This is part three of a series that investigates Simon Denny’s Secret Power, the project representing New Zealand at the 56th Venice Biennale. The exhibition addresses the intersection of knowledge and geography in a post-Snowden world, and is split between two sites: the Marco Polo Airport, and the Marciana Library.
Venice is strange.
I looked across the canal to see the newest addition to the Biennale headquarters, the Australian Pavilion. The steel clad structure loomed on the water’s edge like a dark modernist beast, and the iron ore surface left no illusions about where they’d got the money for the eleven million dollar pavilion. Amidst plenty of pomp, Cate Blanchet cut the ribbon for the venues inaugural exhibition. Accurately titled ‘Wrong Way Time’, Australia takes the prize for big money flop of the 56th Venice Biennale.
Perhaps strangest of all, the New Zealand representative at Venice has a German accent. In this fairground where nationalism is the binding oil, New Zealand backed a Berliner. Good call I reckon. The strongest pavilions at Venice are those that play with latent nationalism; and Simon Denny – with the assistance of investigative journalist Nicky Hager – cut against the usually conciliatory tone of Venice pavilions. Quantifying success in the arts might be a bit tricky, but Secret Power is as near to a consensus “smash hit” as the art world can provide.
In art’s professional era, Denny is the best on offer. Meticulously researched, impeccably presented, and extremely well connected; Denny is a master of his craft. An arts equivalent to a Silicon Valley Executive, Denny’s latest Christie’s video profile is a performance of product-orientated transcendence. It seems that Denny’s 2012 profile of the tech industry wasn’t simply an artistic conceit, but a statement of belonging.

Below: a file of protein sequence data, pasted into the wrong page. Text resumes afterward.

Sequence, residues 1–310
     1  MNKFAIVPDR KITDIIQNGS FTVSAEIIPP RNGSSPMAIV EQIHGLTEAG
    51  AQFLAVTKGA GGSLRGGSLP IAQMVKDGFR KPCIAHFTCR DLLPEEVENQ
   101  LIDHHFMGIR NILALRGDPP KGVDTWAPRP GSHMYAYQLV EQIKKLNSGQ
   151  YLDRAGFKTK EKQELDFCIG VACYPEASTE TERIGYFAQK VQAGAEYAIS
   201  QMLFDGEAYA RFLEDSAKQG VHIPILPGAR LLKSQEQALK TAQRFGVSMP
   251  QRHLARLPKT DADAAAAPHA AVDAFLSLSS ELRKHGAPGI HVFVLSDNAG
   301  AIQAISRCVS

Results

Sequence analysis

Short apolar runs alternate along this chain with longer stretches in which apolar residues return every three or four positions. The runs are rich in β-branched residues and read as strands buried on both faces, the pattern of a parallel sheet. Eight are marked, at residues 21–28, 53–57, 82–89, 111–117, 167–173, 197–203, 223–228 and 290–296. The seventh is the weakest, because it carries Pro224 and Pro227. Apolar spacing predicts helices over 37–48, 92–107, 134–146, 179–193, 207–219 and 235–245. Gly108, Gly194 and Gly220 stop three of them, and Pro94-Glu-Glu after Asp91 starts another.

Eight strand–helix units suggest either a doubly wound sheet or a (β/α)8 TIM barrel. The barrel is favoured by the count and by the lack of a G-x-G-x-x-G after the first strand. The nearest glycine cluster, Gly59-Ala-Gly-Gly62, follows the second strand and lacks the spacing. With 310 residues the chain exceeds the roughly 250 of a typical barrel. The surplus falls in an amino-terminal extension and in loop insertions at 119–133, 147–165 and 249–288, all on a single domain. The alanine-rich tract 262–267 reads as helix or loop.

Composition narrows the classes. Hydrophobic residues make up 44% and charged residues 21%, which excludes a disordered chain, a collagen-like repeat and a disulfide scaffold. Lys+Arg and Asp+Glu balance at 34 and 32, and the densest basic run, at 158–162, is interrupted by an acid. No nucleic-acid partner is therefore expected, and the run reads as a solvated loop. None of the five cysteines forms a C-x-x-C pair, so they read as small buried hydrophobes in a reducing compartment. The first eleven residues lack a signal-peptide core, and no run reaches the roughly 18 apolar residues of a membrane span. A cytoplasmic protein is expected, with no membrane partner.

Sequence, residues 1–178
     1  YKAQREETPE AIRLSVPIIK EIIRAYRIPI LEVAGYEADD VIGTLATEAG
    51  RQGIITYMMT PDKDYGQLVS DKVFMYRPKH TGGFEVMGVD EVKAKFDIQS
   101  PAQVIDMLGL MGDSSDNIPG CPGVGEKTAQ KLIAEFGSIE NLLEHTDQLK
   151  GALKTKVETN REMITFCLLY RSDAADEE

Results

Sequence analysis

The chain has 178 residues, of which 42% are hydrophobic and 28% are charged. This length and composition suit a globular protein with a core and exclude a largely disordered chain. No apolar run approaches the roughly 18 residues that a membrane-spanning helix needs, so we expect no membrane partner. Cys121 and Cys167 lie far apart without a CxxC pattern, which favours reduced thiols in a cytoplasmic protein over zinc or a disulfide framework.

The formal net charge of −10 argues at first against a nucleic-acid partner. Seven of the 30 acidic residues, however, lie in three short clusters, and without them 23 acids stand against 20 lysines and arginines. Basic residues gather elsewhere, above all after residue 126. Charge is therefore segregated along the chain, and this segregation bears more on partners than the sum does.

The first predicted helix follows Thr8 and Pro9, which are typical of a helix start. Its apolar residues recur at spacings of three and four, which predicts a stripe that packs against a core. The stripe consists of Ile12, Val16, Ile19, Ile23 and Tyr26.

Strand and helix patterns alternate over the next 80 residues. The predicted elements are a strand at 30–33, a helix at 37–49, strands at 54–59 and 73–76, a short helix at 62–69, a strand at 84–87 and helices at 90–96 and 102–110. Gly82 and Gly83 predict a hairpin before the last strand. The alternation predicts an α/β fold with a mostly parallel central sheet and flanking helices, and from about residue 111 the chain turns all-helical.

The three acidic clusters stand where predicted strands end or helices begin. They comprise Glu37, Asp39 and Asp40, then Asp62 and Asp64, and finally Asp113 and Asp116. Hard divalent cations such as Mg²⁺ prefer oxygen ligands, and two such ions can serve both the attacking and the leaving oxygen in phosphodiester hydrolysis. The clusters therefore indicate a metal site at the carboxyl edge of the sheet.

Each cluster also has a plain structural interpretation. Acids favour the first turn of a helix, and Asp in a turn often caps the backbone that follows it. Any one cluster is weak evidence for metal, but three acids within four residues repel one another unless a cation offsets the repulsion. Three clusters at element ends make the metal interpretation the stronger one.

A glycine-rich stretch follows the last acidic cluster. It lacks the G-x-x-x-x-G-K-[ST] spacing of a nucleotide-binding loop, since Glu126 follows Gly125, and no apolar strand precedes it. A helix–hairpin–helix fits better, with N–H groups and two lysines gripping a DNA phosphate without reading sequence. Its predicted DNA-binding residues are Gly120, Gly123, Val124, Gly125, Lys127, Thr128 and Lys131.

Robert Leonard, the curator of Secret Power, offered up a provocative bit of hype in the build up to Venice, describing Denny’s recent work as a “break-through moment”:
“I think of Manet’s Olympia, or Duchamp’s Fountain. Denny is doing something similar.”
While the comment belongs to the rhetoric of ascendance, I confess to having felt the same way about Denny during the 2014 Walter’s Prize. At the time I was working at the Auckland Art Gallery, convincing unsuspecting visitors to take a ride in Luke Willis Thompson’s taxi, and guarding the winding alleys of Denny’s DLD installation. It is very hard to maintain a gallery-minders interest over four-months, but Denny’s group portrait of the Munich tech conference got under my skin. Dense and textual, and yet charged with immediacy, this was an artwork operating on uncommon terms. Denny’s installations can be read like road maps, guiding you to the correct, contextual understanding of the subject. The trail of fictitious memorabilia wants you to come along for the ride; it’s a guided tour without the docent.
While it may be fun to tease Denny about his German accent, let’s be mindful of the tall-poppy mentality lurking in our society. New Zealanders often conflate international success with abandonment, and smile, sure in the knowledge that like Billy Apple, they’ll be back, they always come back. Denny might one day come home and attend Parnell openings as an elder statesmen, trading secrets of Berlin in the naughties for another glass of chardonnay. Perhaps snubbing Denny twice for the Walters Prize was our way of telling him that home can always make you feel like shit. I hope he gets nominated again, and again, until out of pure resignation Denny is sent the damn cheque.